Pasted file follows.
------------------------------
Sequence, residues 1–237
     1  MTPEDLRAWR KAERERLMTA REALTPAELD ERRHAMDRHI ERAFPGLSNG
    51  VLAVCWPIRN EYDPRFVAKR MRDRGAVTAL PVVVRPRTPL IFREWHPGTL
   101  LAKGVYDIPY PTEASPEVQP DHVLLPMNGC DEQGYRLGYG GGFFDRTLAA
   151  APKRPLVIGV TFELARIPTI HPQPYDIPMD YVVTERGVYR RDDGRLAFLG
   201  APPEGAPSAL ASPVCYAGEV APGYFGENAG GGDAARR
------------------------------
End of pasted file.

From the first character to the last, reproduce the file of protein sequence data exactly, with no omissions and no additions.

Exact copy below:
Sequence, residues 1–237
     1  MTPEDLRAWR KAERERLMTA REALTPAELD ERRHAMDRHI ERAFPGLSNG
    51  VLAVCWPIRN EYDPRFVAKR MRDRGAVTAL PVVVRPRTPL IFREWHPGTL
   101  LAKGVYDIPY PTEASPEVQP DHVLLPMNGC DEQGYRLGYG GGFFDRTLAA
   151  APKRPLVIGV TFELARIPTI HPQPYDIPMD YVVTERGVYR RDDGRLAFLG
   201  APPEGAPSAL ASPVCYAGEV APGYFGENAG GGDAARR